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Urban invasion

Space Invaders, which dot city streets in Europe and Asia, have also landed in Los Angeles.

October 31, 2002|Shana Ting Lipton | Special to The Times

Space is the final frontier for some but just the beginning for one anonymous French artist. This stealth figure is the mastermind behind a renegade global street art project that has planted its tentacles everywhere from Amsterdam to Hong Kong, including Los Angeles.

Remember those monster icons from the '70s Space Invaders video games? This artist does, with fanatic reverence, creating an artwork-game variation -- also called Space Invaders -- that has invaded many public spaces, much to the chagrin of local authorities.

Invader, as he calls himself, makes tile square "replicas" of the arcade creatures and goes around the world affixing them to buildings, pillars, curbs, you name it. He's well known in Paris, where he started his work in the late '90s, hitting major monuments like the Louvre. In the City of Light, he boasts a massive 384 "invasions," scattered through the city. His L.A. score is a less impressive 41.

"The Hollywood sign was the hottest to me," he says. His Web site,, features documentation of this infamous hit, chronicling how the tiles found their way into a restricted area. He also placed the tile creatures in more accessible public locations, such as a street invasion on La Cienega Boulevard just north of Olympic Boulevard. Another trip to L.A., for a second wave of hits, is in the works.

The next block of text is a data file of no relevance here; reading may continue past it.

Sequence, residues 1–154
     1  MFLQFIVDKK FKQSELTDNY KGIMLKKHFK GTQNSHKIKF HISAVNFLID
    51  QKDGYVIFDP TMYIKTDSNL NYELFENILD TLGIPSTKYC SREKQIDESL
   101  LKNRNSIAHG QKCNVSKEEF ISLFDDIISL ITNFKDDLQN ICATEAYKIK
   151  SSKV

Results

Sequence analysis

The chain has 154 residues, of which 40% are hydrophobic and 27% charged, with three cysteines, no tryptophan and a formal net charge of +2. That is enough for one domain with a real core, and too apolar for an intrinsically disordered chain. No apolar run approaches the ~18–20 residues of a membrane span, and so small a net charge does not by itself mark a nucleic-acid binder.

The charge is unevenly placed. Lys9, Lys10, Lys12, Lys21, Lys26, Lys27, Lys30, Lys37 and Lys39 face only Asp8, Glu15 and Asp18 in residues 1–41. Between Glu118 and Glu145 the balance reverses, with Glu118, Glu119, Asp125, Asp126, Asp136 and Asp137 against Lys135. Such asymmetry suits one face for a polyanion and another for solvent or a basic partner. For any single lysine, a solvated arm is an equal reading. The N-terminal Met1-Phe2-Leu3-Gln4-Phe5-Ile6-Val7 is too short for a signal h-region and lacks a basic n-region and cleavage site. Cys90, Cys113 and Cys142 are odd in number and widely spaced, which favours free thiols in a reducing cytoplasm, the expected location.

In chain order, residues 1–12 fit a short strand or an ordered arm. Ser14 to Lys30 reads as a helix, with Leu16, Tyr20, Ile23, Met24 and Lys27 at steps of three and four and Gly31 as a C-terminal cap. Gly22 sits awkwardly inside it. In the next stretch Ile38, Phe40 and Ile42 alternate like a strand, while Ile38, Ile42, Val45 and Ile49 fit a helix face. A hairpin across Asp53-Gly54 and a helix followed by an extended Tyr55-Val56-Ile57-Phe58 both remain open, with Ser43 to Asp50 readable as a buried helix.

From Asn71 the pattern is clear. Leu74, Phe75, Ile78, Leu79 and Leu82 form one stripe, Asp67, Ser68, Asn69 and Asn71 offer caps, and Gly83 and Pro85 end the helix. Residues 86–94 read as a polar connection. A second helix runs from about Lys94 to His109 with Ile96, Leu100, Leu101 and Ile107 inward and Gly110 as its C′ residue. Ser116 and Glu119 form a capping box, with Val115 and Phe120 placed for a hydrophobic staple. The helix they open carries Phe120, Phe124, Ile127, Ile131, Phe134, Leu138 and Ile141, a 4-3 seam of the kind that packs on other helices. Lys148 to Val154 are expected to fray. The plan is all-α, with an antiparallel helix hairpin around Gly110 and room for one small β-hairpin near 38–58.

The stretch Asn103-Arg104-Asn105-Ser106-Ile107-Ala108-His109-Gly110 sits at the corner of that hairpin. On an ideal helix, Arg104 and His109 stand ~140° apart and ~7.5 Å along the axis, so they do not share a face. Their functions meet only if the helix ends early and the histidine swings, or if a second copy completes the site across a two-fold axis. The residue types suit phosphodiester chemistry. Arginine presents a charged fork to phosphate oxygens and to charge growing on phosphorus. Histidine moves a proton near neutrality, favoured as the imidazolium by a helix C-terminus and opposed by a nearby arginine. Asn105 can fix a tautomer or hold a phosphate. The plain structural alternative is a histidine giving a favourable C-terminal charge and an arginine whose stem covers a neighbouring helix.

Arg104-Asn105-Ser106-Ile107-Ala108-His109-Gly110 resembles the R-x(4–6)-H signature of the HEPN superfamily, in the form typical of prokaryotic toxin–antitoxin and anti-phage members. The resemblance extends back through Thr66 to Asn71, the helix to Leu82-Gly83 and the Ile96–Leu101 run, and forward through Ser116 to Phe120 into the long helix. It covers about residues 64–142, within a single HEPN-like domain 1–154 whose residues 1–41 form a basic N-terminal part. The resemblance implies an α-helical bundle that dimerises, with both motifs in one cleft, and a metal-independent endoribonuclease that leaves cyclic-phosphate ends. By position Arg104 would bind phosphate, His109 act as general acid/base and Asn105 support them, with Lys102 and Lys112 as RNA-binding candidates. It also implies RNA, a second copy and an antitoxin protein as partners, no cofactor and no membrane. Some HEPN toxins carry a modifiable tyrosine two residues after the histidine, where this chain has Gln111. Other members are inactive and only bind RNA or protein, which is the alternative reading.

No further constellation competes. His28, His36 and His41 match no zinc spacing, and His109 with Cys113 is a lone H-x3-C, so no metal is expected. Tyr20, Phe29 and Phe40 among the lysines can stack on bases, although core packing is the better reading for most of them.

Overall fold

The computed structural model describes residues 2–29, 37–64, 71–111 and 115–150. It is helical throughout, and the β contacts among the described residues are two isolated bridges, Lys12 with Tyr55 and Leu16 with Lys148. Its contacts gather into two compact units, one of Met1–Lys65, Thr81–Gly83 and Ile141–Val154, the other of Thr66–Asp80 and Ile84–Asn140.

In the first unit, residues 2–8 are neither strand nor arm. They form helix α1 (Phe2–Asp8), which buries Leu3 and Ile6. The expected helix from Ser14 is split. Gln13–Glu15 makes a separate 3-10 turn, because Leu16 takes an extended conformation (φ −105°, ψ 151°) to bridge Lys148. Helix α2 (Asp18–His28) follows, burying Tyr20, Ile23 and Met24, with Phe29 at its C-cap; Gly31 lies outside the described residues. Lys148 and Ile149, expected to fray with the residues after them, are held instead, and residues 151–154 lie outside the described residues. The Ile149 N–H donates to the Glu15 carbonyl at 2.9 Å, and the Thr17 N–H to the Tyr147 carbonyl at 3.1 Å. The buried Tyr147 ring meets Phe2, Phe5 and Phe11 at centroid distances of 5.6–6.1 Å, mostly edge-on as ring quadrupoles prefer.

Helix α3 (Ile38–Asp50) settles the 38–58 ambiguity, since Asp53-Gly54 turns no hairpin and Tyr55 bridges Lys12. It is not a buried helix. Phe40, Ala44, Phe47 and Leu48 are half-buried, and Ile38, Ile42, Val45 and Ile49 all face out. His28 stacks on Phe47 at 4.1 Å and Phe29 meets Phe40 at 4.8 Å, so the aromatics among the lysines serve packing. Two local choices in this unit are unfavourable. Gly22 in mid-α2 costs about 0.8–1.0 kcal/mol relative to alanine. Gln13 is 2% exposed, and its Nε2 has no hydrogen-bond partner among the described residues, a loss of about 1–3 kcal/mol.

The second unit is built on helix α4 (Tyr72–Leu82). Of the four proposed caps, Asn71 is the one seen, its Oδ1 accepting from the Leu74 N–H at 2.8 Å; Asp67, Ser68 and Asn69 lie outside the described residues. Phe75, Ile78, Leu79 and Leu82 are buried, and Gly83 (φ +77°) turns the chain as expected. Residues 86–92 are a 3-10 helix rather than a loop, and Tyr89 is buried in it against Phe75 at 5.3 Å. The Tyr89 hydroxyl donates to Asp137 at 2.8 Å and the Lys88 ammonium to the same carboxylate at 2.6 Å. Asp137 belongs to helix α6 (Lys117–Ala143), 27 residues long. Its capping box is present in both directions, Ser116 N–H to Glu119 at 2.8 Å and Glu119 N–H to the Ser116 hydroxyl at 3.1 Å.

Somewhere along the way, what started as an iconographic solo project has turned into an offbeat sociological phenomenon. Other people have begun contributing to the project, adding tiles to existing hits.

"The idea of involving people is part of my future evolution, but until now I have worked alone," says the artist, who has seen interest in his Space Invaders mushroom. He sells invasion kits on his Web site, which include one handmade tile and instructions on how to invade. Though the product is offered under the premise of art collecting, it also seems to be a provocation to take action.

Los Angeles-based designer-musician Jennifer Quinn bought one of his tiles for $100 but has chosen to display hers on the outside wall of her home. Space Invaders has also inspired Quinn to tap into her own creativity. "I made one for my dad for his birthday," she says.

So, what is Space Invaders really about? Is it civilized graffiti? A personal way of marking one's territory? Or a public display of obsessive-compulsive disorder? If one could hover in a spaceship looking down on this awesome, mazelike city, perhaps the answer would be clear.

In Invader's words: "The purpose is the invasion. The game is the reality."


Invader was here

Clues on where to look for

Space Invaders

The Hollywood sign: 6342 Mulholland Highway in Griffith Park. Some letters are "tagged."

Near Los Angeles County Museum of Art: 5905 Wilshire Blvd.; the cross street is Spaulding Avenue. Check out the curb.

Boulevard hits: Look for the La Cienega Boulevard invader between Olympic and Wilshire boulevards, on the street divider next to La Cienega Park.

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